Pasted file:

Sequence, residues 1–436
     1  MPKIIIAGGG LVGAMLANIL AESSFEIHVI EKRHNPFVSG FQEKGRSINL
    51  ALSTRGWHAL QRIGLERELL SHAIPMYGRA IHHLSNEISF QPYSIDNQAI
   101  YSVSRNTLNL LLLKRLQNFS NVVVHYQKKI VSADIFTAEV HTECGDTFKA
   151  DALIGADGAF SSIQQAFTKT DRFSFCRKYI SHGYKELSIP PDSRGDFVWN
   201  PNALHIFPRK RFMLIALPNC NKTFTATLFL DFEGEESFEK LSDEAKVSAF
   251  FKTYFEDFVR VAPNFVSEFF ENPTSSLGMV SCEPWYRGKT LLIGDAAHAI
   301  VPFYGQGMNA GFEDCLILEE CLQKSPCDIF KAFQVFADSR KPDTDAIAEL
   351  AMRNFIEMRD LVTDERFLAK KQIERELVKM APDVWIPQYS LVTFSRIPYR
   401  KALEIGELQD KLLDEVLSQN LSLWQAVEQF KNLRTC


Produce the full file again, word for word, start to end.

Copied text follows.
Sequence, residues 1–436
     1  MPKIIIAGGG LVGAMLANIL AESSFEIHVI EKRHNPFVSG FQEKGRSINL
    51  ALSTRGWHAL QRIGLERELL SHAIPMYGRA IHHLSNEISF QPYSIDNQAI
   101  YSVSRNTLNL LLLKRLQNFS NVVVHYQKKI VSADIFTAEV HTECGDTFKA
   151  DALIGADGAF SSIQQAFTKT DRFSFCRKYI SHGYKELSIP PDSRGDFVWN
   201  PNALHIFPRK RFMLIALPNC NKTFTATLFL DFEGEESFEK LSDEAKVSAF
   251  FKTYFEDFVR VAPNFVSEFF ENPTSSLGMV SCEPWYRGKT LLIGDAAHAI
   301  VPFYGQGMNA GFEDCLILEE CLQKSPCDIF KAFQVFADSR KPDTDAIAEL
   351  AMRNFIEMRD LVTDERFLAK KQIERELVKM APDVWIPQYS LVTFSRIPYR
   401  KALEIGELQD KLLDEVLSQN LSLWQAVEQF KNLRTC